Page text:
Steam Global has been down in China, but it’s reportedly due to a DNS attack and not a government ban
Chinese players found on the morning of Christmas Day that the Steam Global website was inaccessible, leading to speculations that the platform may have been banned in the country. However, new reports have since surfaced suggesting that the incident was caused by an issue with its Domain Name System (DNS).
PC gamers reported on various online platforms over the weekend that Steam’s global website had apparently been added to China’s great firewall, essentially blocking users’ access to the website. Valve, however, has yet to officially announce if its global storefront has been blocked in the country. There are also more recent reports that suggest the incident may have been caused by a DNS attack and not a government-sanctioned move.
Mike Rose, the founder of video games publisher No More Robots, noted that they are still seeing “plenty of copies” being sold every hour to gamers in China. As of this writing, though, Comparitech indicates that the global site’s domain store.steampowered.com is still “not working” in China and that the link “appears to be blocked” in the region.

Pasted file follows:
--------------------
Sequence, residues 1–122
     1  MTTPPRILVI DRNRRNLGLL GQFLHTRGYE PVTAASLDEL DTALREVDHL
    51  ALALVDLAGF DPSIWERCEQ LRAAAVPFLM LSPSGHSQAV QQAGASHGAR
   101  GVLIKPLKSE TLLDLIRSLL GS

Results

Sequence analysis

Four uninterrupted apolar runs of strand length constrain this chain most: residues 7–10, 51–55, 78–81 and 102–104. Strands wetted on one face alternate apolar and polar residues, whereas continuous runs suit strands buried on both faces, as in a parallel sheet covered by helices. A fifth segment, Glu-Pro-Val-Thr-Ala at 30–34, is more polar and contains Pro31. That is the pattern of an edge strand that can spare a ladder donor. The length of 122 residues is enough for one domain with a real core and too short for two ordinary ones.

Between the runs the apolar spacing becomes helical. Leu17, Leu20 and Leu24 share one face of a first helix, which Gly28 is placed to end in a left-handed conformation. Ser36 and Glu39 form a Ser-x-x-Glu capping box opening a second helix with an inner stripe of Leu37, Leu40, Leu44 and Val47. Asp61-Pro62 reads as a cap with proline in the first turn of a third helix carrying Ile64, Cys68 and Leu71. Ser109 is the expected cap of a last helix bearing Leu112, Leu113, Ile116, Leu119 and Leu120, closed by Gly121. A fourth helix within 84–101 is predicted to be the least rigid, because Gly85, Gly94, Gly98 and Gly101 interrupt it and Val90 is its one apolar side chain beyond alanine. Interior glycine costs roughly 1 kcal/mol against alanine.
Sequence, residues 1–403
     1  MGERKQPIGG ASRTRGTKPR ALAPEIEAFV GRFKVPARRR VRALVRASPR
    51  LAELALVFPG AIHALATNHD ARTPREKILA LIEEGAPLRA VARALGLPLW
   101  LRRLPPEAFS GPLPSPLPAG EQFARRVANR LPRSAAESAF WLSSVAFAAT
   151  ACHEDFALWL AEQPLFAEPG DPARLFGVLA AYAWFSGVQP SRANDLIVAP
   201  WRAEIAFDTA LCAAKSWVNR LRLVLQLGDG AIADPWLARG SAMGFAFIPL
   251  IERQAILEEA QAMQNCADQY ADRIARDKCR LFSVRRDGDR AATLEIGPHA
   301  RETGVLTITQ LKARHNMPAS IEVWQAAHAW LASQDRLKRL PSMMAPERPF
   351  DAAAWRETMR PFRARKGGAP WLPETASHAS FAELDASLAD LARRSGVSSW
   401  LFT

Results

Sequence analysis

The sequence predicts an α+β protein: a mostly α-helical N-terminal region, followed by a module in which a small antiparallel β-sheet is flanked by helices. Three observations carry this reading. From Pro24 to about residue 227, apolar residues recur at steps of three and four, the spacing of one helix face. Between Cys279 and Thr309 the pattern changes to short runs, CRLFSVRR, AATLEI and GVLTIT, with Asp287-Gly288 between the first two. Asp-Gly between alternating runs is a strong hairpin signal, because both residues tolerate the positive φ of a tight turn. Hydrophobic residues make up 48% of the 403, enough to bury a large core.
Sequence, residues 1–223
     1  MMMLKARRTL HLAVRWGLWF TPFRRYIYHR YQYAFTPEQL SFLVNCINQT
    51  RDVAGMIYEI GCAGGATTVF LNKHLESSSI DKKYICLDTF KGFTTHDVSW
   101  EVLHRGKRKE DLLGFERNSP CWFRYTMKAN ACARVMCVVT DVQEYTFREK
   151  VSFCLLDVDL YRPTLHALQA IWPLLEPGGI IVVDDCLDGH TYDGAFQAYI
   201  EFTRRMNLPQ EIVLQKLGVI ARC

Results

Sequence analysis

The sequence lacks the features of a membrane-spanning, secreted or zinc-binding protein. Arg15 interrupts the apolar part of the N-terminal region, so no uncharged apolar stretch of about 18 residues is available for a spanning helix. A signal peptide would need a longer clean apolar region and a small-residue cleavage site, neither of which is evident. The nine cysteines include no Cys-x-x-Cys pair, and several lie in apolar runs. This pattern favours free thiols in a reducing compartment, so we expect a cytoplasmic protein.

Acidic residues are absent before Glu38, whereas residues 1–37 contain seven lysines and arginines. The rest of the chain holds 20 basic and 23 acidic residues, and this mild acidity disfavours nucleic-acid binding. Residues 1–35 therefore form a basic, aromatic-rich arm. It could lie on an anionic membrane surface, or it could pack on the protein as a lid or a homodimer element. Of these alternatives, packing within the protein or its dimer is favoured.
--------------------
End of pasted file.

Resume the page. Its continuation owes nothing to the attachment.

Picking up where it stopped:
While the incident caught players by surprise, it was not entirely unexpected. China has issued new policies over the last year that essentially restricts the video game industry, affecting major developers, publishers, and digital stores’ operations in the country.
Earlier this year, China introduced a new policy limiting minors’ playing time to only an hour on weekends and holidays, following a law passed in 2019 that set a 10 p.m. to 8 a.m. curfew for video games among underage players. Last July, Tencent announced the use of a facial recognition system to determine if a minor is still playing during the curfew hours.
The servers of “Fortnite China” were shut down last month, which was one of the recent major changes in the video games industry in the country. And it may have also been one of the reasons that many players immediately jumped to the conclusion that the loss of access to Steam Global over the weekend was the result of a ban.
While Steam Global’s supposed banning needs more clarification, it is also worth noting that Valve launched Steam China last February in a partnership with China-based games publisher Perfect World. The Verge says it only has 103 games at the moment, but the companies have already introduced China-specific game launchers for two of the biggest Steam games “CS:GO” and “Dota 2.” If Steam Global were to get banned, it should not greatly affect players of the said games.